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Tim Cook: A back door for the good guys is a back door for the bad guys

Technically Incorrect: Apple's CEO says that encryption is "a must" in today's world. He believes that everyone is coming around to that view. Except, perhaps, the FBI.

Technically Incorrect offers a slightly twisted take on the tech that's taken over our lives.


Tim Cook, defender of privacy. Josh Miller/CNET

I get the sense that the FBI doesn't entirely appreciate Apple CEO Tim Cook.

I get that sense from an interview he gave to NPR on Thursday. In it, he cogently explained Apple's attitude toward security in general and national security in particular.

Cook repeated his view that Apple isn't interested in tracking its customers as infinitum from app to app.

"If you buy something from the App Store, we do know what you bought from the App Store, obviously," he said. "We think customers are fine with that. Many customers want us to recommend an app. But what they don't want to do, they don't want your email to be read, and then to pick up on keywords in your email and then to use that information to then market you things on a different application that you're using."

This respect for privacy, which he has previously called an issue of morality, extends to his dealings with national security agencies.

"National security always matters, obviously," he said, when asked about Apple's conversations with these agencies and their desire for a so-called back door to Apple's systems. "But the reality is that if you have an open door in your software for the good guys, the bad guys get in there, too."

Yes, you can only securely stop a bad guy if you securely keep the good guys out too.

Cook said that a back door is "a non-starter." He admitted, though, that the government does come to Apple "from time to time" in order to get information. Or at least try.

"If they ask in a way that is correct, and has been through the courts as is required, then to the degree that we have information, we give that information," he said. The problem is, though, that Apple encrypts a lot of your information and instead of transferring it to its servers, it makes sure it stays on your device.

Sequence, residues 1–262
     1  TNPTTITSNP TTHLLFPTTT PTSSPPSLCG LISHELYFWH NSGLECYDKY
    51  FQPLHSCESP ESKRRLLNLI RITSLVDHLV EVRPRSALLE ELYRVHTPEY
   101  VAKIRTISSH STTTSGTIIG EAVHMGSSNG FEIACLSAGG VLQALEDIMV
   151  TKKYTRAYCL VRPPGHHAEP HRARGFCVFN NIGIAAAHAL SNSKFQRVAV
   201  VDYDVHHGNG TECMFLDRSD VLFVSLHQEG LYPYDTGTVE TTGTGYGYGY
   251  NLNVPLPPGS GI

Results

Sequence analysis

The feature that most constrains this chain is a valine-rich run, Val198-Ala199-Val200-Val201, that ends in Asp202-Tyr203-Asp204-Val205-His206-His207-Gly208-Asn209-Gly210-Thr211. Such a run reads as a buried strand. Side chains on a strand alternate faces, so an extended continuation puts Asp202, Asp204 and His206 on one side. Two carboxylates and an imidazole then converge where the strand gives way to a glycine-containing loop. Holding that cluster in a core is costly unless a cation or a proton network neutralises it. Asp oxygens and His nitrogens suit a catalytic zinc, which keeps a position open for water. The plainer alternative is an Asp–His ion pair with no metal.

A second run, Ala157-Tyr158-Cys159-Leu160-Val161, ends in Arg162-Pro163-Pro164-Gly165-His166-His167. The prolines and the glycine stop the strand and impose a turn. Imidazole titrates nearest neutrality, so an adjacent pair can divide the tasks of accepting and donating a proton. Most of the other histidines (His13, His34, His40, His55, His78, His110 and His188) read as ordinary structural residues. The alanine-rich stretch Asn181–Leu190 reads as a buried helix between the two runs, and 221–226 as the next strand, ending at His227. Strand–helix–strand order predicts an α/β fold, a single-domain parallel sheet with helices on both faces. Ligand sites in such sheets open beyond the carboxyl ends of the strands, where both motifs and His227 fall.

Cook suggested that the NSA isn't so desperate to have a back door. However, he said: "There have been different conversations with the FBI, I think, over time."

His own view is that "everyone's coming around to some core tenets. And those core tenets are that encryption is a must in today's world."

But Apple's in the hardware business, critics say. It's easy for Cook to sound righteous. Software from other companies passes through Apple's devices. Those companies might have different security standards.

"Our view on this comes from a values point of view, not from a commercial interest point of view," Cook insisted. "Our values are that we do think that people have a right to privacy. And that our customers are not our products. We don't collect a lot of your data and understand every detail about your life. That's just not the business that we are in."

These have been Cook's views for some time. Last year, he wrote an open letter explaining how Apple deals with personal information. There was a thinly-veiled criticism of Google in this. Earlier this year, he explained that he didn't accept governments' definition of security.

Total security is impossible, as companies and individuals discover every day.

Cook clearly believes that it is morally, as well as commercially, positive for his company to take this stance on privacy. In this interview, he described it as "a fundamental human right."

The real question is how many people really care. Or, perhaps, when they will start to care deeply.